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Encyclopaedia of Islam, Second Edition

The Encyclopaedia of Islam (EI) is a reference work that facilitates the academic study of Islam. It is published by Brill and provides information on various aspects of Islam and the Islamic world. It is considered to be the standard reference work in the field of Islamic studies.[1] The first edition was published in 1913–1938, the second in 1954–2005, and the third was begun in 2007.


According to Brill, the EI includes "articles on distinguished Muslims of every age and land, on tribes and dynasties, on the crafts and sciences, on political and religious institutions, on the geography, ethnography, flora and fauna of the various countries and on the history, topography and monuments of the major towns and cities. In its geographical and historical scope it encompasses the old Arabo-Islamic empire, the Islamic countries of Iran, Central Asia, the Indian sub-continent and Indonesia, the Ottoman Empire and all other Islamic countries".[2]


EI is considered to be the standard reference work in the field of Islamic studies.[1] Each article was written by a recognized specialist on the relevant topic.[citation needed] However, unsurprisingly for a work spanning 40 years until completion, not every one of them reflects recent research.[citation needed]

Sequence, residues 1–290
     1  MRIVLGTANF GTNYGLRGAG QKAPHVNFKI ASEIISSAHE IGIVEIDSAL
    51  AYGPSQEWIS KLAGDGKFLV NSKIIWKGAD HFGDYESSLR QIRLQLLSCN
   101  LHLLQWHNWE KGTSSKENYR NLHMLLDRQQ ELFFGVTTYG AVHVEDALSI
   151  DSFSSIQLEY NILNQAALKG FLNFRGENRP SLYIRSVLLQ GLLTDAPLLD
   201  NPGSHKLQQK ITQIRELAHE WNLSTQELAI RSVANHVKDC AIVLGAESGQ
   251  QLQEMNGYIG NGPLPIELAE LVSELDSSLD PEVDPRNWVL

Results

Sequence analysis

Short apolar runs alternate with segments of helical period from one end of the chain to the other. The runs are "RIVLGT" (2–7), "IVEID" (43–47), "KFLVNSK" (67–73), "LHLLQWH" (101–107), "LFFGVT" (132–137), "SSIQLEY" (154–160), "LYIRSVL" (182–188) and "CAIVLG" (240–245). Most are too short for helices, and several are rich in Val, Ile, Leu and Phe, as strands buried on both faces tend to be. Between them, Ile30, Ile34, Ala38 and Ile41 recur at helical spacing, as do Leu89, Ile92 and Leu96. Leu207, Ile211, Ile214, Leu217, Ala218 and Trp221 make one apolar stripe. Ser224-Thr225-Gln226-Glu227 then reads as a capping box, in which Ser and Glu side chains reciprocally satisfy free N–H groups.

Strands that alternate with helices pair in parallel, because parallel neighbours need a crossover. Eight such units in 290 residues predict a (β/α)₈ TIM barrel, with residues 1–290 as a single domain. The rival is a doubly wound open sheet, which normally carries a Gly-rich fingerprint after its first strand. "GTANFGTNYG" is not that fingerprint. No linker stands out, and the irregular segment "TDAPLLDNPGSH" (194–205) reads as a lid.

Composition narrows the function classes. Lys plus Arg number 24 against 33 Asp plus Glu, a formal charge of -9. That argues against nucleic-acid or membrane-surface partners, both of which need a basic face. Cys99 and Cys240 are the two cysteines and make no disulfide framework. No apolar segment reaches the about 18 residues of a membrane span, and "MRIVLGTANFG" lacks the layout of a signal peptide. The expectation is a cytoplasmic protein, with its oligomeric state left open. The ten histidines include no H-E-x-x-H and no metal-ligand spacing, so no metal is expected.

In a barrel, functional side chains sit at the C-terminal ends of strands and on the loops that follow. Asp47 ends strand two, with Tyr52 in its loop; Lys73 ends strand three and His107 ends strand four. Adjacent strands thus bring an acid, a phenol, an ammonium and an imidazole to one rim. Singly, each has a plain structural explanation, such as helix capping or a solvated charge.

The most important, authoritative reference work in English on Islam and Islamic subjects. Includes long, signed articles, with bibliographies. Special emphasis is given in this (EI2) edition to economic and social topics, but it remains the standard encyclopedic reference on the Islamic religion in English.

— Librarian Suzanne K. Lorimer, Yale University Library[3]

The most important and comprehensive reference tool for Islamic studies is the Encyclopaedia of Islam, an immense effort to deal with every aspect of Islamic civilization, conceived in the widest sense, from its origins down to the present day... EI is no anonymous digest of received wisdom. Most of the articles are signed, and while some are hardly more than dictionary entries, others are true research pieces – in many cases the best available treatment of their subject.

— Historian R. Stephen Humphreys[4]

This reference work is of fundamental importance on topics dealing with the geography, ethnography and biography of Muslim peoples.

— Iranologist Elton L. Daniel[5]